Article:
When the Blue Ribbon College Basketball Yearbook is released later this off-season (you can reserve a copy here!), many might be surprised that I picked Bryant to finish fourth in the Northeast Conference.
Even though the Bulldogs failed to make the NEC tournament back in March, why do I believe they’ll host a league playoff game in the quarterfinals next time around? Allow me to explain.
Take one look at Bryant’s numbers since its ascension into Division I and one thing jumps out: the Bulldogs couldn’t score last season. After finishing in the NEC’s top three in offensive efficiency for three years running, Tim O’Shea’s group finished ninth in 2015-16. It was a hopeless campaign where they settled for far too many jump shots, turned the ball over way too much and blew several second half leads in the midst of a crippling 12-game losing streak. The chart below illustrates Bryant’s sudden lack of offensive firepower in 2015-16:
|Record (NEC finish)||19-12 (3rd)||18-14 (3rd)||16-15 (3rd)||8-23 (9th)|
|Free Throw %||74.0%||69.5%||76.5%||68.2%|
Although there were several factors that led to Bryant’s demise, it was mainly because the returning players struggled to fill the possessions left behind by the graduations of Dyami Starks and Joe O’Shea. Case in point: when point guard Shane McLaughlin was at his best as a senior, the Bulldogs were quite successful. Unfortunately for Bryant, the opposite was true when McLaughlin failed to maintain a certain level of excellence:
- McLaughlin’s stats in Bryant’s 8 wins: 13.1 ppg, 7.8 apg, 4.5 rpg, 52.8% FG, 12 made 3PT
- McLaughlin’s stats in Bryant’s 23 losses: 5.9 ppg, 4.1 apg, 2.8 rpg, 34.1% FG, 13 made 3PT
The point guard’s statistical difference was stark; there’s no other way to describe it. While it’s vehemently unfair to pin last season’s failures solely on McLaughlin–others like Hunter Ware and Daniel Garvin weren’t efficient scorers and Bosko Kostur essentially disappeared by the time conference play rolled around, it’s clear that filling the vacancy left behind with McLaughlin’s graduation will be of the utmost importance for O’Shea.
This is why 5-11 rookie point guard Ikenna Ndugba may be the most important player in getting Bryant back into the upper tier of the league.
It’s easy to feel good about the progression of sophomores Marcel Pettway and Nisre Zouzoua, after both had stellar rookie campaigns. (For the record, as polished as Pettway is already in the post, I actually view Zouzoua as a NEC top 5 player in 2016-17, especially after he averaged 19.3 ppg and shot 44.9% over his last eight games)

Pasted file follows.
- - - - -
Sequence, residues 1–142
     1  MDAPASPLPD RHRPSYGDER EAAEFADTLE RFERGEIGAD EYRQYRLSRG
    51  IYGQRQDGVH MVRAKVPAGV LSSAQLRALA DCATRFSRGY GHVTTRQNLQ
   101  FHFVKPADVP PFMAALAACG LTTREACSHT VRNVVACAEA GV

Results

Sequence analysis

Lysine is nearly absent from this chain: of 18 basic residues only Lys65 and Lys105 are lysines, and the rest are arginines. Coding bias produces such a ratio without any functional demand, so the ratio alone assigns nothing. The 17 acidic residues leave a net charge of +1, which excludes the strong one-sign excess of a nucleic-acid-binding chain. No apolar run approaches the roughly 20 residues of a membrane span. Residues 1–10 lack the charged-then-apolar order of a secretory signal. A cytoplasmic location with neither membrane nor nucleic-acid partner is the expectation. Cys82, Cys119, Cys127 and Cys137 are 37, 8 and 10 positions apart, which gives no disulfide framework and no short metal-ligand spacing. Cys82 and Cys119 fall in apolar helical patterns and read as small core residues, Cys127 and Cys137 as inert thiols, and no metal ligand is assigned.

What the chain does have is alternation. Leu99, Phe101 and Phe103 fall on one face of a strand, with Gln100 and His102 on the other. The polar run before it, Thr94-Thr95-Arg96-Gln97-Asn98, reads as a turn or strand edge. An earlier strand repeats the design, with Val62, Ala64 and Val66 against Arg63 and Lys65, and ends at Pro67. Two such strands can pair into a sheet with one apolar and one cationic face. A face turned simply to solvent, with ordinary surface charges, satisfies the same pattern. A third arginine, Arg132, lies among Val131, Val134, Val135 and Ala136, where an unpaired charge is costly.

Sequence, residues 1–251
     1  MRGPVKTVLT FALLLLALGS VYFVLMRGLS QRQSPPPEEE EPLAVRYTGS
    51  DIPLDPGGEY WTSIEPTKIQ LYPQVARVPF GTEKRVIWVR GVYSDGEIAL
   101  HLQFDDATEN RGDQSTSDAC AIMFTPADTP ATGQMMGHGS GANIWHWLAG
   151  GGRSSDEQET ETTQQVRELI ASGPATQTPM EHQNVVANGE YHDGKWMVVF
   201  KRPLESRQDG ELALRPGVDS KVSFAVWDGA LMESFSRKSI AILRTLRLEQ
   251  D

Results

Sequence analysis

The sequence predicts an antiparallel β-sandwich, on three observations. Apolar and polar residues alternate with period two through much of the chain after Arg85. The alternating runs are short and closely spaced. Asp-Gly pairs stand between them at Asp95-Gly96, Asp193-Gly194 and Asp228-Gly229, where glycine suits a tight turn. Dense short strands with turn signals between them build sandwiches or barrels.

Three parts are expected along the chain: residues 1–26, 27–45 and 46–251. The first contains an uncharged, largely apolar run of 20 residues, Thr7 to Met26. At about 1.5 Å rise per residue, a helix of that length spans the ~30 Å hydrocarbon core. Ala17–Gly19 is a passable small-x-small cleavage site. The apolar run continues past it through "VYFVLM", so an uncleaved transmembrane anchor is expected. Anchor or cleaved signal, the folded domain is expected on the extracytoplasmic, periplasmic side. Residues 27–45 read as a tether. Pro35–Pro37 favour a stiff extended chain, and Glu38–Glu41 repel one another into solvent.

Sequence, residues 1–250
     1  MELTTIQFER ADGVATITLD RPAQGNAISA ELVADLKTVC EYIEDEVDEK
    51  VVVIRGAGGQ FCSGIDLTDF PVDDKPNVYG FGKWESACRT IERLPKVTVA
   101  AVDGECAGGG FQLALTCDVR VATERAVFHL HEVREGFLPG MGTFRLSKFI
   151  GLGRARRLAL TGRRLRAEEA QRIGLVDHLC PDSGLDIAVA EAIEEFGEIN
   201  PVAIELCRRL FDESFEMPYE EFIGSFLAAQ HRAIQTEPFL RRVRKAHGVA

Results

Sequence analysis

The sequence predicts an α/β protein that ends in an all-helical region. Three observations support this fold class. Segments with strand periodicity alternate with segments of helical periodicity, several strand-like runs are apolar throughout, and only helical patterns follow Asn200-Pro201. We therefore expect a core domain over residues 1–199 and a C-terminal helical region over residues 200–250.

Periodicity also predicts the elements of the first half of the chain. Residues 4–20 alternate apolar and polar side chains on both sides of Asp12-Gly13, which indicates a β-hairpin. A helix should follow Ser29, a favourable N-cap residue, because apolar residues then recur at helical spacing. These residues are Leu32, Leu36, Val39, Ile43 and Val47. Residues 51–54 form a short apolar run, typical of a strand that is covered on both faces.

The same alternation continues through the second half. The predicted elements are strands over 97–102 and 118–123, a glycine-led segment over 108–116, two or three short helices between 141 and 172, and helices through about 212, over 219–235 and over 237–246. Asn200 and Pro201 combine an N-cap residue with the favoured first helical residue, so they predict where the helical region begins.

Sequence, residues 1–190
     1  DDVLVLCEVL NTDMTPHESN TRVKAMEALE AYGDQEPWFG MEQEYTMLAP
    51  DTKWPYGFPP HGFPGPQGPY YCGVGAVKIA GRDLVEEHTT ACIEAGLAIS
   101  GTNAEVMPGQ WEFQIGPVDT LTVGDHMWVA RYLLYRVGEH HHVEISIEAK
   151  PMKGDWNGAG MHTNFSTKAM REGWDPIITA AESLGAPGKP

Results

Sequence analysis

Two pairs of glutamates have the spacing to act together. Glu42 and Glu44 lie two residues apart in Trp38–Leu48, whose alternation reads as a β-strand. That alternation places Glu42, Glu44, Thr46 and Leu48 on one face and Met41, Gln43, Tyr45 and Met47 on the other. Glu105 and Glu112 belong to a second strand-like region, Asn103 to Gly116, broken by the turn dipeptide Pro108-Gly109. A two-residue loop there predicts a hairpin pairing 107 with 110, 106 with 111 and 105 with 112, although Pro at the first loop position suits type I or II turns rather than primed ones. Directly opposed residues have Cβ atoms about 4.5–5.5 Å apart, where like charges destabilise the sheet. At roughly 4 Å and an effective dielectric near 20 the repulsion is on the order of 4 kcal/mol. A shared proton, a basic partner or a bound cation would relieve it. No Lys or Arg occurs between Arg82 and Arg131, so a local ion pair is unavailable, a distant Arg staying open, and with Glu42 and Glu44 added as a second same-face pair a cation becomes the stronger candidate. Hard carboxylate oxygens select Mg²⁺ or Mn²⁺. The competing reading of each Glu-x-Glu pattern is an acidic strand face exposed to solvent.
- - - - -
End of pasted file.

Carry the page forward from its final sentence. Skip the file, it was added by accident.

Alongside those two cornerstones, role players such as Ware, Garvin and Gus Riley—a 6’8″ stretch four who’s impressed this offseason—should provide value at their respective positions. Fellow freshmen Tanner Johnson–a Will Miller clone at 6’5″ who has an excellent shooting stroke from 3–and Adam Grant have a chance to bolster a bench that O’Shea historically has trouble trusting. But for everything to fully gel, Ndugba will need to stabilize the roster as the floor general.
Reports from the Bryant coaching staff indicate that Ndugba has had an excellent summer and impressed during the international trip, where the Bulldogs played three teams in Italy. His mental toughness, natural leadership and ball facilitating skills have led to some comparing him to former Robert Morris star Velton Jones.
Becoming the next Velton Jones surely is a tall order, but given Ndugba’s talent and recruiting pedigree, pinning the Boston native as a lock for the NEC all-rookie team is a solid bet to make. Plus, check out his tremendous athleticism here!
My faith in Ndugba doesn’t mean he’ll assume the same statistical level McLaughlin exhibited in Bryant’s eight victories last season, but all indications are the freshman will run the offense like a veteran floor general. That, along with steadiness and athleticism on the defensive end, may be what the team needs to get over the hump.
With Ndugba’s perceived insertion into the starting lineup, the Bulldogs depth chart going into October should look something like this:
PG: Ndugba, Brickman, McHugh
G: Ware, Grant
G: Zouzoua, Johnson
PF: Garvin, Riley, Townes
PF: Pettway, Kostur, Urmilevicius
*Players in bold are projected in O’Shea’s top 8 with a 9th player possibly emerging as Ndugba’s backup
One of the reasons Ndugba became available to Bryant was because of the injuries he suffered in high school, which discouraged bigger programs from fully committing. If Ndugba suffers an injury at Bryant then all bets are off. But if the O’Shea’s freshman class can provide an impact around the veteran core, I expect Bryant will return to a place the Bulldogs were familiar with from 2012-2015—the upper tier of the NEC.
Sure, I’m counting on a rookie—a risky endeavor for sure—but over the past two seasons we’ve seen Cane Broome, Marcquise Reed, Elijah Minnie, Martin Hermannsson, Isaiah Blackmon, Mike Holloway and Quincy McKnight positively impact and elevate their teams right from the beginning. Perhaps my belief in Ndugba isn’t as big of a stretch as you might believe.
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